Here is what I love about architecture:
In a changing world, the buildings last. They are a signature of days gone by, days we often view as better than the ones we are living now. That may more may not be true. But it is a delight to find an old building well preserved and imagine the circumstances of its creation, the dreams and talent that went into it, the need for it, the occupants who made lives or work in it, and it is heartbreaking to see one that is ignored and dilapidated.
Preservationists call that "demolition by neglect." The restoration of important old buildings is something to be celebrated.
At the same time, architecture is a statement of where we are today and where we want to go. So there is joy in buildings both old and new.
Not all buildings, of course. Architecture stands on three pillars -- commodity, firmness and delight. A building must be strong, useful and have that more difficult-to-define quality of delight. That is the art of architecture; it elicits an emotional response. Some buildings are strictly utilitarian and have no delight. Others have limited or narrowly defined utility and only delight, and, it is hoped, enough strength to stand up for a while. These structures tend to be sculptures or monuments.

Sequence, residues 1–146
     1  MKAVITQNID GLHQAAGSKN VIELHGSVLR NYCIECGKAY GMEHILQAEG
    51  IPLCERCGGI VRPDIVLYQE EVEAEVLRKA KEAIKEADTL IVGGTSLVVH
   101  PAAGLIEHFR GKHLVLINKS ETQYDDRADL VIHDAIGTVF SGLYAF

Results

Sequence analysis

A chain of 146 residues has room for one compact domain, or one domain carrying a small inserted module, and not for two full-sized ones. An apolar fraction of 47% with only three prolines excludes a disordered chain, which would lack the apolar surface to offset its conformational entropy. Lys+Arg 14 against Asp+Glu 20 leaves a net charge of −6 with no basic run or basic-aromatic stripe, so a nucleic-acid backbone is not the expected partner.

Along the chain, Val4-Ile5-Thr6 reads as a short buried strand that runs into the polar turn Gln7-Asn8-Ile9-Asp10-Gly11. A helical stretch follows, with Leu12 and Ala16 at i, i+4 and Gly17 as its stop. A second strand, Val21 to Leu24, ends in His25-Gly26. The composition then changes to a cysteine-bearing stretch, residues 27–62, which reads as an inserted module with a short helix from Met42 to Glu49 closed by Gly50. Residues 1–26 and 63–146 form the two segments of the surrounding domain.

To celebrate Florida's architecture, past and present, I have begun a series on Twitter (@htrealestate) and Facebook (facebook.com/harold.bubil) called "Florida Buildings I Love." It is a series of photographs, almost all of them from my archives. These are buildings that I have experienced in some way, either just from the outside or also from the inside.
The selections are both old and new, and represent the diversity of architectural styles that flourish in the state. The series has reached 27 buildings, and, I can tell you, there are a lot more than 27 buildings in Florida that I love. I have put the first 27 in a gallery that you can see by clicking here.